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Dosage Forms And Strengths BONIVA Injection is supplied as a kit containing:
  • a 3 mg/3 mL single-use prefilled syringe.
  • a 25-gauge, 3/4 inch needle with wings, needle-stick protection device, and a 9 cm plastic tubing for attachment
BONIVA Injection (ibandronate sodium) is supplied as a kit containing a 3 mg/3 mL single-use, clear glass, 5 mL (5 cc) prefilled syringe, a 25-gauge, 3/4 inch needle with wings, needle-stick protection device, and a 9 cm plastic tubing for attachment (NDC 0004 0191 09). Storage And Handling Store at 25°C (77°F); excursions permitted between 15° and 30°C (59° and 86°F) [see USP Controlled Room Temperature]. Distributed by: Genentech USA Inc., 1 DNA Way, South San Francisco, CA 94080. Revised: Nov 2014 Last reviewed on RxList: 4/7/2015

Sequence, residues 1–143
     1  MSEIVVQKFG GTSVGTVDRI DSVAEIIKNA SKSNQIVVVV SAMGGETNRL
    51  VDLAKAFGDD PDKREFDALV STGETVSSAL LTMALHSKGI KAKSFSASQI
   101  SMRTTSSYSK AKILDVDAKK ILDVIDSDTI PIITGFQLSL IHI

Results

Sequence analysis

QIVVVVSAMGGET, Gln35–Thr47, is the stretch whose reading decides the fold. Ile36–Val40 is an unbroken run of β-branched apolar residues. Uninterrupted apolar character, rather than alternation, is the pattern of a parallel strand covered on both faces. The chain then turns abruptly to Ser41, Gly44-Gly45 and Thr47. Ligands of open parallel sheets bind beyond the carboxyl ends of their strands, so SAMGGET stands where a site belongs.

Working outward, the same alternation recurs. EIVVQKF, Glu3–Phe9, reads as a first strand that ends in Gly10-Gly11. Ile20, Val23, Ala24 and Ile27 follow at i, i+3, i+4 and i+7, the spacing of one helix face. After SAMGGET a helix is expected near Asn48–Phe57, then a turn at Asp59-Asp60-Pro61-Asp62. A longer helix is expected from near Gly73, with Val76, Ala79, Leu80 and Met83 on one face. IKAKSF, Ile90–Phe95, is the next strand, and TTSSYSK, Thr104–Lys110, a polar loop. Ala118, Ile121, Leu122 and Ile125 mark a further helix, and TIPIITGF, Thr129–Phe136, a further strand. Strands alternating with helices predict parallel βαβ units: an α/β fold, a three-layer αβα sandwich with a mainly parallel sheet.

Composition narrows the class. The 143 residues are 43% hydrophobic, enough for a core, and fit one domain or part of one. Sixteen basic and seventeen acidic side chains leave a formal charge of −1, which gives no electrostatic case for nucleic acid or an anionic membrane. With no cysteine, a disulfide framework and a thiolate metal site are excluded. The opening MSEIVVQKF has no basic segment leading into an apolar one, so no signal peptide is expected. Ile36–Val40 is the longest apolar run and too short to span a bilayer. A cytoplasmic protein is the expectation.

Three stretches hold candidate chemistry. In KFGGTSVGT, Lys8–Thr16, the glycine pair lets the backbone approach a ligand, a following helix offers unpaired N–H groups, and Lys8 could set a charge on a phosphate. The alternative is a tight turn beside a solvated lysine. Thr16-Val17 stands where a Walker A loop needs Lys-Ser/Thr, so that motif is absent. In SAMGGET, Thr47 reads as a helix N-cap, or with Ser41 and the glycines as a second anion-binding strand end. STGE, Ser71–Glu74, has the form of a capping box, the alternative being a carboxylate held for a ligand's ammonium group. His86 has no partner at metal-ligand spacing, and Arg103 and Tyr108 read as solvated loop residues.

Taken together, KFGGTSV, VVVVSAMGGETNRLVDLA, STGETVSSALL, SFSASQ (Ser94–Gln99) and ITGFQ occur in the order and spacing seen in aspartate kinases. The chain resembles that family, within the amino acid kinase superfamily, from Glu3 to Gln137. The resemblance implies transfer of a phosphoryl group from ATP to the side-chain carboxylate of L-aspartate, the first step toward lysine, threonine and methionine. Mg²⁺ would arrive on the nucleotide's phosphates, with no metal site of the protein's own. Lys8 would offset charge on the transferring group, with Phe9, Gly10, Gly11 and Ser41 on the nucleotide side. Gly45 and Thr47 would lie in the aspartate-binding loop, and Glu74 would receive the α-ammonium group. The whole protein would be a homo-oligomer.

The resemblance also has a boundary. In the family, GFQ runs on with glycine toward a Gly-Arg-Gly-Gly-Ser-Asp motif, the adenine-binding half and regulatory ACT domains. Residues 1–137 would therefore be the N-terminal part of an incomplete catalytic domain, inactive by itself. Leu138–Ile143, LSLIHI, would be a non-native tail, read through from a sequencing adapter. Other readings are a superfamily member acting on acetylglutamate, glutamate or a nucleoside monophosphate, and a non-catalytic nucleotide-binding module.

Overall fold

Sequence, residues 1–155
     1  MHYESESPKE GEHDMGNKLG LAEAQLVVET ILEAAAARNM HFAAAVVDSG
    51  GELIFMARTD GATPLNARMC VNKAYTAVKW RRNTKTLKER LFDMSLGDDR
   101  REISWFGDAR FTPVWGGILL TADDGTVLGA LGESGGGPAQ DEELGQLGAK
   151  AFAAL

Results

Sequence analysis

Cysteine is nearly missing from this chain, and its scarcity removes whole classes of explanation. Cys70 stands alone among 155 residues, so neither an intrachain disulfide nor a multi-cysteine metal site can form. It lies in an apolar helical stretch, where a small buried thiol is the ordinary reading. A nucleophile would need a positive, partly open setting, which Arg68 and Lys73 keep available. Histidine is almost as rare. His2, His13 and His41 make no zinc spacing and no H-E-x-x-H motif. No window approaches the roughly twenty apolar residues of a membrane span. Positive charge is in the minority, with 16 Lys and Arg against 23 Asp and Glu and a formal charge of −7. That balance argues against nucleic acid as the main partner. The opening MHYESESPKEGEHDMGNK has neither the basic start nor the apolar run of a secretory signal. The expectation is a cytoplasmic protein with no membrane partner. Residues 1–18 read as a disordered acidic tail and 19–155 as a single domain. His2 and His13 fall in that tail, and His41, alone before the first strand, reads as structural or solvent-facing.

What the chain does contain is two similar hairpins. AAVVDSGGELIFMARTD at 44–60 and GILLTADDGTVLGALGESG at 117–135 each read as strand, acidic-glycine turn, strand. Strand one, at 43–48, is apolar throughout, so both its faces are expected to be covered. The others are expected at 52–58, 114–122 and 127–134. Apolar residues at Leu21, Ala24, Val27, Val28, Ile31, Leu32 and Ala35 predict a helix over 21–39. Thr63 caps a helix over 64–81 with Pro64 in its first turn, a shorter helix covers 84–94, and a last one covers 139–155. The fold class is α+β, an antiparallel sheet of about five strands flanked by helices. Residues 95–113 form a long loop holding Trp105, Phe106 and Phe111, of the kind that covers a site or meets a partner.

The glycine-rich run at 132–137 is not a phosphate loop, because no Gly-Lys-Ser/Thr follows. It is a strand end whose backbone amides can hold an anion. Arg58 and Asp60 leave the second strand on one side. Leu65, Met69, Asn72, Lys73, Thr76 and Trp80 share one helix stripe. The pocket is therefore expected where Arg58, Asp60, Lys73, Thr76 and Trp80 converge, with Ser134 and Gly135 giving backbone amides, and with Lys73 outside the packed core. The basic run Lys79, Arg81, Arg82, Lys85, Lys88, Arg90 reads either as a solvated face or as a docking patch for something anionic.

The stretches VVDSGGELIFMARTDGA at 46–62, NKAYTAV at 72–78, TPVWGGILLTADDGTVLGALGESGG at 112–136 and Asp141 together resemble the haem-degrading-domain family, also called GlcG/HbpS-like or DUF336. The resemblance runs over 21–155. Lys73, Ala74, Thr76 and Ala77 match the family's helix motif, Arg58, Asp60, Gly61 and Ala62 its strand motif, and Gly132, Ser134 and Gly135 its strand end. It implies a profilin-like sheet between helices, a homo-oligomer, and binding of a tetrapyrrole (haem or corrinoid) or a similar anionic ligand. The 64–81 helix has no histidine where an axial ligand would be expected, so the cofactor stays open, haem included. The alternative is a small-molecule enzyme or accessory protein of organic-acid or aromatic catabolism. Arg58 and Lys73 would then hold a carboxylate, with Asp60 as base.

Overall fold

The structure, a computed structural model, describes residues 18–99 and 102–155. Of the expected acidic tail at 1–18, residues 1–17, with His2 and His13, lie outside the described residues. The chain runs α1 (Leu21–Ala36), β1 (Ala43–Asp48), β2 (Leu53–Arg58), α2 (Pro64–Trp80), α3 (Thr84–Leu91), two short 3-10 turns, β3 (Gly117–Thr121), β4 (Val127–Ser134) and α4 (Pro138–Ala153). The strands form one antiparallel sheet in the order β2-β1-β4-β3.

This monograph has been modified to include the generic and brand name in many instances.

Source: http://www.rxlist.com